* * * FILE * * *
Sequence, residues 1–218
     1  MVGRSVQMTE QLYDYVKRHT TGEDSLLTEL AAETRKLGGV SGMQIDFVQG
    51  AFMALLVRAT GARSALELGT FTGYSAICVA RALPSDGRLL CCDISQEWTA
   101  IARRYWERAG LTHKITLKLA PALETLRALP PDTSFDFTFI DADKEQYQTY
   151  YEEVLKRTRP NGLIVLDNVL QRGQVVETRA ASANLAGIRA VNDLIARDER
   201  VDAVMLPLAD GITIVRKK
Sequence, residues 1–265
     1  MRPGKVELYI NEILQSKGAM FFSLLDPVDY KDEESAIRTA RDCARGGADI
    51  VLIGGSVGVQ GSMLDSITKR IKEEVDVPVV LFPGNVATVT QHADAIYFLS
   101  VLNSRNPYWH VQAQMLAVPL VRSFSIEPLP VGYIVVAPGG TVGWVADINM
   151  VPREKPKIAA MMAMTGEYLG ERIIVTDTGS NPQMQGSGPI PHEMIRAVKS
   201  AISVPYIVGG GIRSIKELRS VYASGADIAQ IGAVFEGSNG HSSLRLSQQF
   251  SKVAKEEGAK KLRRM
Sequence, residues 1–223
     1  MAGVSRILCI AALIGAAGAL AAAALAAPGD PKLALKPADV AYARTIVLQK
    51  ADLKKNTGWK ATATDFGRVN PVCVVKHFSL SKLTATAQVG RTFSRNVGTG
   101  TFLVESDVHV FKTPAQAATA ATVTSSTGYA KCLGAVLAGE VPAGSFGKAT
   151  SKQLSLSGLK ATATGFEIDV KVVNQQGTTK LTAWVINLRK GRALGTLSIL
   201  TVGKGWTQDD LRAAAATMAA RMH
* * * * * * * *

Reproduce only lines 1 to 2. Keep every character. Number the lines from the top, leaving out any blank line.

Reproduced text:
Sequence, residues 1–218
     1  MVGRSVQMTE QLYDYVKRHT TGEDSLLTEL AAETRKLGGV SGMQIDFVQG